From Egypt to Ann Arbor: The Building of the Papyrus Collection

(Adapted from an article by Arthur E. R. Boak)

One of the great treasures of The University of Michigan Library, and one which, unfortunately, is not too well known to faculty, students, and alumni, is the collection of papyrus manuscripts which has added materially to the University's national and international reputation. The collection comprises about seven thousand catalogued items, many of which consist of two or more pieces of separate content contained in one folder, so that the actual number of papyri which have received or still require individual publication may be estimated at around ten thousand. Of these, some two thousand represent a loan for publication from the Egyptian Department of Antiquities, as will be explained below, most of which have been returned to Cairo. The Michigan Collection, by far the largest in the United States, ranks among the great collections in the world, although it is not as large as those at Oxford, London, Vienna, and, of course Cairo. The importance of the collection is enhanced by the presence of the University's collection of ostraca, which is housed in the Kelsey Museum of Archaeology.

In date the Michigan papyri range from the earlier part of the third century B.C. to the eighth century A.D. The great majority of them are written in Greek, but there are also considerable numbers in Latin, Coptic, Arabic, and even a few in Egyptian Demotic. They contain materials of all sorts: Biblical fragments, religious writings, public and private documents, private letters, astronomical, astrological, mathematical, and magical texts. No attempt has been made to acquire papyri dating from before the conquest of Egypt by Alexander the Great in 332 B.C., since their decipherment and interpretation form a branch of the science of Egyptology, which other institutions have been better equipped to pursue than our own whereas Michigan has been particularly well staffed for dealing with the Greek, Roman, and Byzantine periods of Egyptian history and civilization.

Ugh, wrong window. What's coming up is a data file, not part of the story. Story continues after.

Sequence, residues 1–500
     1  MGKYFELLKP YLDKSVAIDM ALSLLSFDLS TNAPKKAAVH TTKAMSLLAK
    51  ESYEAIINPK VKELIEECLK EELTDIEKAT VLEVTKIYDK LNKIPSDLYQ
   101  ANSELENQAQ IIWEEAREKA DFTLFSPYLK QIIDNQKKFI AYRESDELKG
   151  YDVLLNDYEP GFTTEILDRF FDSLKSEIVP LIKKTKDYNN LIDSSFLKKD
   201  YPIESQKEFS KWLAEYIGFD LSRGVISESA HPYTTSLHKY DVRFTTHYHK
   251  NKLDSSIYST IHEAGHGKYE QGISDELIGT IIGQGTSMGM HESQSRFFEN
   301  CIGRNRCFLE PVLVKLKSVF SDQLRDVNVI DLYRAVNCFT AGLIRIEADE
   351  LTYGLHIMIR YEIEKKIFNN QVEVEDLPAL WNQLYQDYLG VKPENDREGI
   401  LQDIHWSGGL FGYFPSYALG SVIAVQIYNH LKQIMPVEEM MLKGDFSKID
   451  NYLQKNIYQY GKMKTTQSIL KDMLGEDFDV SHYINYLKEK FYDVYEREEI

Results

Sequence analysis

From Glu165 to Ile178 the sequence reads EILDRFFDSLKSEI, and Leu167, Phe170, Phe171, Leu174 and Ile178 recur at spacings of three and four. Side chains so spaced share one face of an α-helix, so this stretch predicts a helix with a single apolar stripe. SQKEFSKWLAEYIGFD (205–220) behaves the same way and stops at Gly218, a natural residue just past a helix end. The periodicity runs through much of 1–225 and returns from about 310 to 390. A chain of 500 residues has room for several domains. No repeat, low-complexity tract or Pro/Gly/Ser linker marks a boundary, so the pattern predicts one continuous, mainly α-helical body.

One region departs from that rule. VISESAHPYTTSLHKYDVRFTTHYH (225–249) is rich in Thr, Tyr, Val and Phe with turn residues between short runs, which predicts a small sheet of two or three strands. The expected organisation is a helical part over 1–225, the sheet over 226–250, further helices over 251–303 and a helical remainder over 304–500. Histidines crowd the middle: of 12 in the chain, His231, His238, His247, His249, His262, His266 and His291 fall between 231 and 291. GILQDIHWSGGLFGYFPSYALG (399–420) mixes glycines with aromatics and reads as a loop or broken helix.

The study of the papyrus manuscripts from these later periods is called in a special sense papyrology, in contrast to Egyptology and papyrologists are those scholars trained in the difficult science of reading and translating these documents, which, in addition to missing crucial passages, words, or letters, and being written in a dead language, often feature unrefined penmanship and grammar.

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